I finally had the chance to ride Vancouver’s latest addition to its rapid transit system, the Canada Line. This line runs from Waterfront in downtown Vancouver before branching off to the west to YVR Airport, or south to Richmond-Brighouse. I brought my camera along, so many of pictures I took are available on Gallery.
Even though the Canada Line opened last Monday, people were still crowding the platforms to catch a ride. Considering this was a Sunday afternoon, most of the station platforms were pretty packed, although it was good to see people out and exploring the new system and taking the initiative in planning future commutes.
Inside the train
The train cars are much wider and feature lots of room for bicycles, strollers and wheelchairs. There are more stanchions for standing passengers and the seats are pretty comfortable. The seats have more leg room to store excess baggage instead of taking up seating space or obstructing the aisle. As an aid for noisy commutes, there are interior digital destination signs announcing the next and terminal stations. What really is noticeable, is how quiet and smooth the ride is. It’s hard to determine when the train starts up until you look out the window and “Hey, we’re moving!” This smooth ride is quite possibly the highlight of the trip. The same safety features — the yellow silent alarm strip on the windows and speaker phone by the doors are still there for those familiar with the setup on SkyTrain. However, these are not SkyTrain cars, so don’t expect to see them making the run out to Surrey or into Burnaby — the Canada Line cars were built using different technology by the Korean group, Hyundai/ROTEM. Looking at the tracks, the familiar aluminum centre “rail” is missing, and the dual third rail used for power is a single rail, so it’s incompatible with the existing Millennium and Expo Lines.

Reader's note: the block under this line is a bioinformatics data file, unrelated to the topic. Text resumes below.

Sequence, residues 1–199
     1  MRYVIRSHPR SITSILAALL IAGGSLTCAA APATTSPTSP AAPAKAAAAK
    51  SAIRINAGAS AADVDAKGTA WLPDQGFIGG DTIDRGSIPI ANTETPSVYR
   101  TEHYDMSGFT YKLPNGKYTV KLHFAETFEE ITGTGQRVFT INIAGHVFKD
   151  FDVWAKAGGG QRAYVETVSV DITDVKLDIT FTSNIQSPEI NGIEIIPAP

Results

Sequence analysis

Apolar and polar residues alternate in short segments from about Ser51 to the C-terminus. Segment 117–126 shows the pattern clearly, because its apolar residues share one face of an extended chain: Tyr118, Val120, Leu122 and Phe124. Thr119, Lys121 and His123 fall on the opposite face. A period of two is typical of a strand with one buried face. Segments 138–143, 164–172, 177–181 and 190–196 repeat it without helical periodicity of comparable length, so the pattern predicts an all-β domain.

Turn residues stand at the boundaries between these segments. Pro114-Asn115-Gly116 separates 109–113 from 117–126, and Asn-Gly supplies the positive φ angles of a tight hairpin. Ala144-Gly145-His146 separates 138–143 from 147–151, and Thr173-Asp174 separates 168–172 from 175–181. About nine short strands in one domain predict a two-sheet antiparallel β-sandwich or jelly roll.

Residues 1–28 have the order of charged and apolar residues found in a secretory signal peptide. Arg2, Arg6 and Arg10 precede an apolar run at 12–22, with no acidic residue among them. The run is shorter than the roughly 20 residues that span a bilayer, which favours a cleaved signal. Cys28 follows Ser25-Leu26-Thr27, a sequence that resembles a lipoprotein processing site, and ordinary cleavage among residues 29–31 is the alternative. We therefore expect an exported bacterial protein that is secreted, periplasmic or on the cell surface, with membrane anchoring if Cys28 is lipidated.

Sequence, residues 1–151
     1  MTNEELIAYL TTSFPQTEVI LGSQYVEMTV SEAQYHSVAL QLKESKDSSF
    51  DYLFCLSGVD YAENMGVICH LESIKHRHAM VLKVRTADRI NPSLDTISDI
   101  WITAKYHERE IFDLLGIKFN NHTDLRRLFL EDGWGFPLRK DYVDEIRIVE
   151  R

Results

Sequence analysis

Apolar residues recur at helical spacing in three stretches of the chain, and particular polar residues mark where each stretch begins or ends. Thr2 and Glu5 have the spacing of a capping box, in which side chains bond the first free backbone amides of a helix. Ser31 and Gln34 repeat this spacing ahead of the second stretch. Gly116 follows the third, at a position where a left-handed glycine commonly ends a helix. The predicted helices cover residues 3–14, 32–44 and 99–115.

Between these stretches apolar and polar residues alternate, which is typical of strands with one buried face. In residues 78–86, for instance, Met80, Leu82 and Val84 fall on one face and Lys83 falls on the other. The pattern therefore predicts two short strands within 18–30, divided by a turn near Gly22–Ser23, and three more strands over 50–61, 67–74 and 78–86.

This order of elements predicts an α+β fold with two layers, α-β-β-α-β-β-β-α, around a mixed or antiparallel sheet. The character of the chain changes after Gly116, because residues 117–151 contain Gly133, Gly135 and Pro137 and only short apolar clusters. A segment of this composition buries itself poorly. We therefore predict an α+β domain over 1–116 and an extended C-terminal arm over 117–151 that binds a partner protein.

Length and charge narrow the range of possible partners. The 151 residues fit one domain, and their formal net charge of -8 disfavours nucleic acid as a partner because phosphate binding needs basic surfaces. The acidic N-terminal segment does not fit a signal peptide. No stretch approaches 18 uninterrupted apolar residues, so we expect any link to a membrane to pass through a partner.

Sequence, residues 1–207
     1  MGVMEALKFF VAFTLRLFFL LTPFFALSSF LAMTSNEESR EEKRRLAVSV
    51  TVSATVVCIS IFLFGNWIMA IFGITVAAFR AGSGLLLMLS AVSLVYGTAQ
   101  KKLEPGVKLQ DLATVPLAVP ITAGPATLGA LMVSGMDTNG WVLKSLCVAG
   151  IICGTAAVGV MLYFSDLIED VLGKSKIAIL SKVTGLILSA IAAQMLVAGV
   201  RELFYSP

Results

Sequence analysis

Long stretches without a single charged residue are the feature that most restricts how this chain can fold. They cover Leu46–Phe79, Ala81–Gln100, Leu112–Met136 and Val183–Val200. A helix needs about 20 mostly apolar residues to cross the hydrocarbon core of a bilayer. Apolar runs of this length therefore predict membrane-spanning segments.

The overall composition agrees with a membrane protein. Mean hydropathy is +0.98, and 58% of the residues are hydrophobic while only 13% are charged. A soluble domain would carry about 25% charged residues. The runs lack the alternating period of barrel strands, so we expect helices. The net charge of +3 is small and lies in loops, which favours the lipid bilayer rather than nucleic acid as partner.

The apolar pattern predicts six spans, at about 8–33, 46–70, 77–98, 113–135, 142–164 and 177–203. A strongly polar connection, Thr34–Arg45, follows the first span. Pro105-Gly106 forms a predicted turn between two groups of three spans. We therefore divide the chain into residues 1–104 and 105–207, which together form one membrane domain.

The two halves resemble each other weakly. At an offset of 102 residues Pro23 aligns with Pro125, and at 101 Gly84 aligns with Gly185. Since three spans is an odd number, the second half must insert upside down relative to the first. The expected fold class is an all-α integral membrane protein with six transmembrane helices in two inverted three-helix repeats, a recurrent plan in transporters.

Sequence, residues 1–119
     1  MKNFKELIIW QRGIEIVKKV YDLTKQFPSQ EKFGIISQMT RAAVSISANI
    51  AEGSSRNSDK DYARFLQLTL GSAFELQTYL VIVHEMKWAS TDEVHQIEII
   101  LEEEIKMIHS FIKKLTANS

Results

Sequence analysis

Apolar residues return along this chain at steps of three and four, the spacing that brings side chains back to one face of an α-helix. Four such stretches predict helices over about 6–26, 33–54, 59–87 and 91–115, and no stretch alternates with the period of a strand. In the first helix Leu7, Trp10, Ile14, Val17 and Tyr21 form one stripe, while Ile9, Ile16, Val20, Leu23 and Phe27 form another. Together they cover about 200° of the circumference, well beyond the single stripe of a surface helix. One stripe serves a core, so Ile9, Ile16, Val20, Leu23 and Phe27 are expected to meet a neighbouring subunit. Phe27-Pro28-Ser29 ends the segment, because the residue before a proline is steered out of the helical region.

The platforms at all stations are short, as all the trains are basically two cars. There isn’t much room to expand running four car trains because it would be a tight fit, and six car trains are totally out of the question. The stations are each unique featuring a lot of steel, glass, concrete and some wood for ceiling decorations (except in the subway stations). There are lots of signs designating exits, waiting areas, safety processes, but the lettering for the station names are pretty small, while all other text sizes are much more visible.
If you get a chance, go take a ride. The Canada Line is a two-zone trip, but try and catch a ride outside of peak hours to make use of the lower fares and avoid possible crowds. Existing Fare Savers and transfers work with the Canada Line, so there’s no need to purchase different tickets or cards.